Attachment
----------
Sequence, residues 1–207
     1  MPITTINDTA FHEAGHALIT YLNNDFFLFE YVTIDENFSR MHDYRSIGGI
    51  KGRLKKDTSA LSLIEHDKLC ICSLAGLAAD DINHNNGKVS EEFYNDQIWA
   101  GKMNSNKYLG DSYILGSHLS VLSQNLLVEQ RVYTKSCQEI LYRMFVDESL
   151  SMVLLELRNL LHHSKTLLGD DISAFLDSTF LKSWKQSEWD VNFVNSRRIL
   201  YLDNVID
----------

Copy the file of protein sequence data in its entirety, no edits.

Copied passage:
Sequence, residues 1–207
     1  MPITTINDTA FHEAGHALIT YLNNDFFLFE YVTIDENFSR MHDYRSIGGI
    51  KGRLKKDTSA LSLIEHDKLC ICSLAGLAAD DINHNNGKVS EEFYNDQIWA
   101  GKMNSNKYLG DSYILGSHLS VLSQNLLVEQ RVYTKSCQEI LYRMFVDESL
   151  SMVLLELRNL LHHSKTLLGD DISAFLDSTF LKSWKQSEWD VNFVNSRRIL
   201  YLDNVID